Due to COVID-19, schools are going online, having modified in-class sessions, or combining school operation methods. Unfortunately, this “new schooling normal” stresses many teachers. It is a story echoed by many of my professional colleagues—too much work, too little time, not connecting with their students, not comfortable with the unknown. I believe these anxieties come from the tensions teachers face today.
Let me elaborate on tensions; we make decisions that pull us in two different directions for every situation. Often these contrasts create tensions. For example, a teacher may have to decide between practicing healthful protocols through social distancing or creating strong teacher-student bonds with face-to-face connections. And in today’s world, teachers’ choices extend beyond health safety and into the curriculum, teacher-student relationships, technology, socio-economical and political areas.
Innovative firms, like the design thinking company IDEO, embrace such tensions. They believe that tensions harness the energy needed to generate creative solutions. These companies view the two conflicting sides as opposite points of a continuum. And the ingenious answer lies in the common ground found between these two sides. Dweck’s book, Mindset the New Psychology of Success, proposes that having a fixed mindset is seeing things static without a possibility to change. When we begin to see things as a continuum, we adopt more flexible to our perspective, or growth mindset. And having a growth mindset will help us productively tackle our tensions, thereby relieving our anxieties to a challenge.
So how do we go about addressing our tensions? An IDEO-led course to foster a collaborative work culture recommends that first, we should name our tensions. By labeling the opposite points, we separate our emotions and feelings, which allows us to think analytically and objectively. Let me give you two examples of tensions that many teachers face today. It might be useful to ask ourselves, does my situation fit within any of these continuums, where do my beliefs and values match, and how might I stand in the middle of these tensions?
Efficiency <–> Innovative
Many experienced and novice teachers have already built a repertoire of strategies, tools, and resources to teach their students. Logically, drawing from these resources would help the workflow of a busy teacher. Having such materials reduces preparation time and make the teaching process more efficient.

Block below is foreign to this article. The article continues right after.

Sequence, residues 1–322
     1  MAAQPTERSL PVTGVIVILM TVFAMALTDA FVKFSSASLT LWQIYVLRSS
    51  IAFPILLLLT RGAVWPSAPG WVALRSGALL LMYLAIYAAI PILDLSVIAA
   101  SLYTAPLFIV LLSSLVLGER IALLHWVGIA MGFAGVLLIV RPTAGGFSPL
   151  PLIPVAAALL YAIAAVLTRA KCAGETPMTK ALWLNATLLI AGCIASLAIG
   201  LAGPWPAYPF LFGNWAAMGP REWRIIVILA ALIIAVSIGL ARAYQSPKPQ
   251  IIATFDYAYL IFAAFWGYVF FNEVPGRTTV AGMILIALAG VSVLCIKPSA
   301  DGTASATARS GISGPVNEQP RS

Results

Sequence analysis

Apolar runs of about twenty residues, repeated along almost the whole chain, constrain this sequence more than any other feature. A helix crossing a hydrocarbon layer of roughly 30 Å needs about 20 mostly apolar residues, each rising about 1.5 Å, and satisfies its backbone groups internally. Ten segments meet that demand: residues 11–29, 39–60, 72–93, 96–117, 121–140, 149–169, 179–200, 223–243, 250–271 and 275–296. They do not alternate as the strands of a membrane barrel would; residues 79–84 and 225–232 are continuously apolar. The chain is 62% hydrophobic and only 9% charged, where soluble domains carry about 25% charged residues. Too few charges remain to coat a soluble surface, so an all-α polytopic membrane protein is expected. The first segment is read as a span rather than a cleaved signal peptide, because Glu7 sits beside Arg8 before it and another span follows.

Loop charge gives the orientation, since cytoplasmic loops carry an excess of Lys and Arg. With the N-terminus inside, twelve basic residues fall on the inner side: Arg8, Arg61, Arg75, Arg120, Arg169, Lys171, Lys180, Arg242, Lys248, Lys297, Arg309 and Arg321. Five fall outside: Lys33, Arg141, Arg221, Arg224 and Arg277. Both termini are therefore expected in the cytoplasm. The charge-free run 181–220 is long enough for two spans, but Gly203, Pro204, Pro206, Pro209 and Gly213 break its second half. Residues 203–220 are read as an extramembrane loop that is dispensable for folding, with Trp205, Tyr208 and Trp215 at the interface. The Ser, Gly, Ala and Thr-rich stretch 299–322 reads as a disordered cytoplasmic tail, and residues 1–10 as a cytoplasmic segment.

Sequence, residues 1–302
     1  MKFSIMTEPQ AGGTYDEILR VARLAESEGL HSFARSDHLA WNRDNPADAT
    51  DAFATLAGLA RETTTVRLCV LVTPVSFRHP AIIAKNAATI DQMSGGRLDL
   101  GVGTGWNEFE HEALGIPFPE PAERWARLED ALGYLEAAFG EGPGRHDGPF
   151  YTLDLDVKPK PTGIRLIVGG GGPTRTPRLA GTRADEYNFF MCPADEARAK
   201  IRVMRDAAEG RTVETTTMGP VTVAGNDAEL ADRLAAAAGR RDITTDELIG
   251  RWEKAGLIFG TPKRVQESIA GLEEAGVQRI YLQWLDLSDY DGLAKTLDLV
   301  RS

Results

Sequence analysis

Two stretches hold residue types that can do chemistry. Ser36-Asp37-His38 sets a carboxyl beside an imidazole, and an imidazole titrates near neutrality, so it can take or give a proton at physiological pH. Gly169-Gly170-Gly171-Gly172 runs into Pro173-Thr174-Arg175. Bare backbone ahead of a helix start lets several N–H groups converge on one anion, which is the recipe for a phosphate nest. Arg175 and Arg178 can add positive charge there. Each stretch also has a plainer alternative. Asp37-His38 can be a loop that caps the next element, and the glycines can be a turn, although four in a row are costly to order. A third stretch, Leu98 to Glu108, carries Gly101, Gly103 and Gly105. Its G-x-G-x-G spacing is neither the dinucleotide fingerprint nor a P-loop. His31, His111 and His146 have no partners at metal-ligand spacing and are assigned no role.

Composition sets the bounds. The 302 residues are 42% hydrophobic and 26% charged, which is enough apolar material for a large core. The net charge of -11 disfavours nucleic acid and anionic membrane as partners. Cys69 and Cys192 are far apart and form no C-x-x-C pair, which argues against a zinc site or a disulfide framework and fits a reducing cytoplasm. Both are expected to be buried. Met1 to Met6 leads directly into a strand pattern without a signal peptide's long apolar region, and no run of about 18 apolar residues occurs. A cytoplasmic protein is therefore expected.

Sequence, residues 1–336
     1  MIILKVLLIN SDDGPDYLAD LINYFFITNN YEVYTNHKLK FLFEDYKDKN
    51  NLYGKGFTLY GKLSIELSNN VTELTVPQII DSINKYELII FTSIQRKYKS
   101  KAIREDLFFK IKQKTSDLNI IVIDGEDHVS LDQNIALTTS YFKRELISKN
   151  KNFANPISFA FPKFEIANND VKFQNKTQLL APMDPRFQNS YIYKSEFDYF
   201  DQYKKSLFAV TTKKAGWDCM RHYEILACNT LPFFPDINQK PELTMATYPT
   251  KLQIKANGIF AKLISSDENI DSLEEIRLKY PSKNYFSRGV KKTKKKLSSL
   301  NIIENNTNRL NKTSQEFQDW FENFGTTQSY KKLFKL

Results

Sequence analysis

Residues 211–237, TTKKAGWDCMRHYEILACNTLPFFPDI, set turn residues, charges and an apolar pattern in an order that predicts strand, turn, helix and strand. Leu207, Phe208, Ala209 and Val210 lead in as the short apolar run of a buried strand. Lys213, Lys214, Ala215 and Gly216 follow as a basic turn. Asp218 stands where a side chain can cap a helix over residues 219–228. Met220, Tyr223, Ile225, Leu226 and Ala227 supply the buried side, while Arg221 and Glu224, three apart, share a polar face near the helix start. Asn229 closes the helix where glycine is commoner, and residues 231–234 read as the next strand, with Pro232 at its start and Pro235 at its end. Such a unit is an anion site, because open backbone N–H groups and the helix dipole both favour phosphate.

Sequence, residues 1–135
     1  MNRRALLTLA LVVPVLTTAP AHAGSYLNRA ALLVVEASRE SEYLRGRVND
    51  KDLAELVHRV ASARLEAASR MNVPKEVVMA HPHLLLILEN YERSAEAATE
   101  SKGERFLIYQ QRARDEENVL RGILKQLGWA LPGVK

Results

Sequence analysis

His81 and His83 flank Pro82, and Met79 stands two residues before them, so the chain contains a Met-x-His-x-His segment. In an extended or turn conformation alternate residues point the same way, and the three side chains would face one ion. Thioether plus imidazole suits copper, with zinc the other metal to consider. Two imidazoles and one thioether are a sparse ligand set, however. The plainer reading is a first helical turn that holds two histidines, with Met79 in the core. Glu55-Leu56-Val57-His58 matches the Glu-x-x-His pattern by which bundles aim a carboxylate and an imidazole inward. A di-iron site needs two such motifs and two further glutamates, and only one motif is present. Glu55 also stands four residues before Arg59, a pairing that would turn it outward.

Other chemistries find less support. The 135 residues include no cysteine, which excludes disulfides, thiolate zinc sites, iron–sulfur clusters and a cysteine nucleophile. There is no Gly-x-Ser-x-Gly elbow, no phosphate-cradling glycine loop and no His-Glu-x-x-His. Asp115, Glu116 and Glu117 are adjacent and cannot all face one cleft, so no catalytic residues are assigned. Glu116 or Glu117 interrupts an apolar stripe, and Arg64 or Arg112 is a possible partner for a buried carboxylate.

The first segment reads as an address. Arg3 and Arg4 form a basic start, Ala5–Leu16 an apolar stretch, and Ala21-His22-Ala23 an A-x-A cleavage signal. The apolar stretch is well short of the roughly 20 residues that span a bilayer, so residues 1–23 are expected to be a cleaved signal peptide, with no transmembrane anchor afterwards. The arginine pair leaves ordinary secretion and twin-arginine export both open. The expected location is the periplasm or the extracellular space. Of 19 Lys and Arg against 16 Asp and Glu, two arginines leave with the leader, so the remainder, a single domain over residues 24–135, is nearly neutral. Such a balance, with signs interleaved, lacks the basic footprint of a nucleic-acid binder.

However, for many teachers, their repertoire of knowledge might not be as reliable as in the past. That is because they did not produce or develop their skillset under the current COVID conditions. Print resources may not transfer quickly to digital. Some classroom management strategies don’t translate to virtual. As well, daily face to face lessons doesn’t work if schools had to suddenly close for an unpredictable period. Therefore, teachers need to be innovative, whether it is training in new technology skills or rethinking how we design our student work.
How might I remain efficient using my resources and still see opportunities to innovate?
School Policies and Requirements <–> Students’ Needs
Even before the pandemic, what the school requires teachers to do does not always match what a student needs. However, with COVID-19, schools have developed many new policies to address the changes in how we operate schools. For example, health and safety, Internet usage, curriculum, and assessment are just a few areas impacted by remote learning or intermittent face to face teaching.
Such tensions come from a conflict in perspectives. School policies reflect the macro-level school governance. Having served in school accreditation visits, I appreciate such policies in providing the entire school or the district with standard procedures or code of conduct. On the other hand, individuals are multifaceted, and no single system could satisfy everyone’s wants. Nevertheless, teachers cannot only serve one set of stakeholders and not the other. Hence, a teacher must continuously balance seeing the big picture with their students’ needs. Suffice to say, it is not about looking for loop-holes in the school system but common ground to start.
How might I see another perspective that honors my students’ needs within my school system’s boundaries?
During these unpredictable times, it might not be easy to remain optimistic. When there are multiple stakeholders, we may feel pulled from both sides. Nonetheless, be mindful that we can choose to stand somewhere in the middle to ease our pressure. Let’s learn to position ourselves between tensions.
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